If we look at the imagery Thiebaud produced in the middle 1960s, we see a focus on sweets, done in an engaging style. Nine Jelly Apples (1964) is familiar to anyone growing up at the time; three slightly skewed rows of bright red candied apples with flat tops and differently colored sticks stuck in the middle of the fruit. Who could resist the apples? Our wish to consume them is at least part of their charm. At the same time, they have a clarity that is unusual for the subject; the sticks add a bit of energetic drama to a scene that is notably conventional. In a way, it is an encapsulation of the American dream–but this is likely reading the work too symbolically. We are meant to enjoy, and we do. Four years earlier, in 1960, Thiebaud painted an iconic work called A Shelf of Pies. Three rows of pies, with a cream topping and, likely, a cream bottom, sit on a white table; the background above the desserts is black. These desserts are hardly a reading of American life, but they actively participate in it–and still do: the American appetite for sweets is legendary. Again, it is a mistake to invest the image with great depth; they are no more than what they are. Finally, a study of hamburgers, produced with brush and ink in 1964, shows a group of them, in three rows. The top part of the bun is usually white with reflected light. Is this a metaphor for our national appetite? It is hard to say. But it is a delightful presentation of the country’s favorite repast, rendered as objectively as possible.
Two drawings, roughly of the same period, Dogs (1967) and Toys (1971), are done with graphite and charcoal respectively. They are innocent enough as subject matter, but they also reflect a deepening interest on Thiebaud’s part in the technical nature of draftsmanship. To this viewer, Dog rivals the work of David Hockney, already renowned for his drawing when Thiebaud made the work. It is an image of a whippet sitting on its hind legs; the front legs extend vertically in front of a taut body. The animal’s face is intelligent; its early flop over and end in sharp angles. The drawing is an exercise in sympathetic imagination. The objects in Toys are, oddly, placed in the corners of the composition. On the upper right, there is a top with a clown’s face directed toward the viewer. In clockwise order, there is a building block on the lower right; a ball or sphere with an eye encircled by a thin line on the lower left; and, on the upper right, a puppet with the head of a cat seen in cartoons. The shadowed drawings are made with great accuracy, and prove just how early Thiebaud took interest in rendering nondescript objects in close detail. These are not drawings an Old Master would do–we are not looking at likenesses of Christ but playthings. But we do see a truthful vision of what we come in contact with is alive in these two works. It doesn’t matter if the theme is less than sublime. In this sense, Thiebaud is very much of his time.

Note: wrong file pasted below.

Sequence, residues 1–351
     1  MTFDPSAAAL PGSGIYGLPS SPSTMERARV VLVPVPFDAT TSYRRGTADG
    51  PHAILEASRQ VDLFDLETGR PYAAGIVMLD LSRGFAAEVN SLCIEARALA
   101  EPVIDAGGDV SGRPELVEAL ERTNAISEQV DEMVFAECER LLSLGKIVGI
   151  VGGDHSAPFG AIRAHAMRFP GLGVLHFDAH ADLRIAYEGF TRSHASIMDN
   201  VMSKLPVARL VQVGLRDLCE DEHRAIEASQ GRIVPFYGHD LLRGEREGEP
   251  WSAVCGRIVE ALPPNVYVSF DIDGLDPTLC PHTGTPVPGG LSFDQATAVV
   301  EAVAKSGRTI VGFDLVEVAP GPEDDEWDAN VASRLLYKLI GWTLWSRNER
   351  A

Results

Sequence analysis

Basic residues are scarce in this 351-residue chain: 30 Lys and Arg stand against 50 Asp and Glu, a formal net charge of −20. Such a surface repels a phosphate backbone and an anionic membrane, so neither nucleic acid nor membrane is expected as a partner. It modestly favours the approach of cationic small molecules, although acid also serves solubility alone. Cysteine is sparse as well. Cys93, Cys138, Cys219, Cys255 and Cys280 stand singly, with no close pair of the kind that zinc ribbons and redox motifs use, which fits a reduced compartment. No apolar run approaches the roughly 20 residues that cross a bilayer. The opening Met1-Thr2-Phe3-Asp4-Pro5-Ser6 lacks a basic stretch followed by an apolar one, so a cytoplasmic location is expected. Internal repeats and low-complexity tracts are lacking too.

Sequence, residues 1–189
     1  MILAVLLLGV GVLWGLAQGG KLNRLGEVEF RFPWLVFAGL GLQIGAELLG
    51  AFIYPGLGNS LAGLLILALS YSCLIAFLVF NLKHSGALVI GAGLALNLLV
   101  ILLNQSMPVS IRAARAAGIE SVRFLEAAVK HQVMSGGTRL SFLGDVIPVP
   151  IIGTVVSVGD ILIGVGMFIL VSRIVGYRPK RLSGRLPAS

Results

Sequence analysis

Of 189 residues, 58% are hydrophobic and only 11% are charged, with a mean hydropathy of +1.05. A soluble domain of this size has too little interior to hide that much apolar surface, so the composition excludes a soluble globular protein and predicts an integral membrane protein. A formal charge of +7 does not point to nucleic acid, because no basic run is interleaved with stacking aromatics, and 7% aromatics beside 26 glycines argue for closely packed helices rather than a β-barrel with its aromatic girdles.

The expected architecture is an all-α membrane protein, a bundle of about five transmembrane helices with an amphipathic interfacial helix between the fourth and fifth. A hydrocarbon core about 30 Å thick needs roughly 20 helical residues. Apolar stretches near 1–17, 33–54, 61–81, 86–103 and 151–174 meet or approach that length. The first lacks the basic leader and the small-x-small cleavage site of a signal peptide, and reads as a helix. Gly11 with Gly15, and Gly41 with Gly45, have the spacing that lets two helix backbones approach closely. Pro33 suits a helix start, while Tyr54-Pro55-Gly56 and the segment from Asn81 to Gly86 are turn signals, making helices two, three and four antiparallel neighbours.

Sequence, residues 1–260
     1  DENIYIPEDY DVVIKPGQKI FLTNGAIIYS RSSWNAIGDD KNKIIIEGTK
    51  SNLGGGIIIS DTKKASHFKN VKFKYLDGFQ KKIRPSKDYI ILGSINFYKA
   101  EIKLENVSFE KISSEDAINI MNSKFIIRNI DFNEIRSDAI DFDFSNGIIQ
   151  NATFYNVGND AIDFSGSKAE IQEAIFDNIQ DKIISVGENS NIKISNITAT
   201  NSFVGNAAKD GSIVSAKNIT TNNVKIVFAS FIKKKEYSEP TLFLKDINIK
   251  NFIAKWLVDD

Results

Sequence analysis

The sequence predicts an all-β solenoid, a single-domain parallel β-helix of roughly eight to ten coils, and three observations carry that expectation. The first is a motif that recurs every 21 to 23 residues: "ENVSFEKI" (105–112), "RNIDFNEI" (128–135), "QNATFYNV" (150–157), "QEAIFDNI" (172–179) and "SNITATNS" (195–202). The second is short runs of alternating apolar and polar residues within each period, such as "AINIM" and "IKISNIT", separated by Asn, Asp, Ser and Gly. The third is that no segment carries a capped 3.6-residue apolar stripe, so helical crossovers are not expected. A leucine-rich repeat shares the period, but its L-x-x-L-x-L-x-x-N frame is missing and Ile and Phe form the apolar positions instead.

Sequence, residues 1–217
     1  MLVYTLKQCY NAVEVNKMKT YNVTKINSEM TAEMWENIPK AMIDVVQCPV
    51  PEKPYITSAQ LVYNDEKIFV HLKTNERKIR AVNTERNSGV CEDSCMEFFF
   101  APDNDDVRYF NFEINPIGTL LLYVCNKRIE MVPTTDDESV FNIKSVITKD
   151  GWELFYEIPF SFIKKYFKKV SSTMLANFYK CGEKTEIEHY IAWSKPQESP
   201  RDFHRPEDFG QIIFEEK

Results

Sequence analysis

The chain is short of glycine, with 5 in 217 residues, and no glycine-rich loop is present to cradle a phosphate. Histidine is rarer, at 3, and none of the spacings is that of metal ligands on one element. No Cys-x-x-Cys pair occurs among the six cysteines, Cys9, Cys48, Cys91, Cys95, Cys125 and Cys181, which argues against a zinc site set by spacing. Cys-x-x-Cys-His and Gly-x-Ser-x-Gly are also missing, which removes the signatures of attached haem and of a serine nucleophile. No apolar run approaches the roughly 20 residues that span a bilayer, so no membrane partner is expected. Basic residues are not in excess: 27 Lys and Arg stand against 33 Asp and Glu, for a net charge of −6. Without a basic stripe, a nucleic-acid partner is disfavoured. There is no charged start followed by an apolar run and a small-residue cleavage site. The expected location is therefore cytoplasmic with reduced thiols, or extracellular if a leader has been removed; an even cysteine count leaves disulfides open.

A graphite self-portrait from 1970 lets us look at how Thiebaud saw himself–as a figure of manly energy, with a forceful gaze intensified by glasses, an open white shirt, and a sport coat. The skill of the drawing is highly achieved. It leads to the accomplished studies of local San Francisco streets, surreal in their extreme perspectives, made believable because of their detail. Diagonal City (1978) cuts the work in half, separating a simple white expanse from a much more detailed view of urban structures by a diagonal line. Two small cars and a larger truck, separated from each other by some distance, make their way downhill, while above them, at a perpendicular, a bus travels on an asphalt road near the top of a hill. Beyond the hill, in the background, is a complicated study of buildings, their overall forms and window patterns creating a stunning, intricate view. Only the eccentricity of the composition identifies it as a contemporary work of art; otherwise, the skill is remarkable–and consonant historically with efforts preceding him. An even later drawing, Three Roads (1983), demonstrates the artist’s ongoing affinity with precise rendering; an asphalt road cuts a diagonal through the middle of the paper; toward the top, there is a tributary lane. At the bottom is a broad width of an avenue. Lining the diagonal street are bright apartment buildings, varying in size and shape, that face each other. They enact the architectural drama of streets without a name, faceless in the greater environs of an environment most would not easily recognize. The contrast between light buildings and dark avenues is key to the success of the drawing.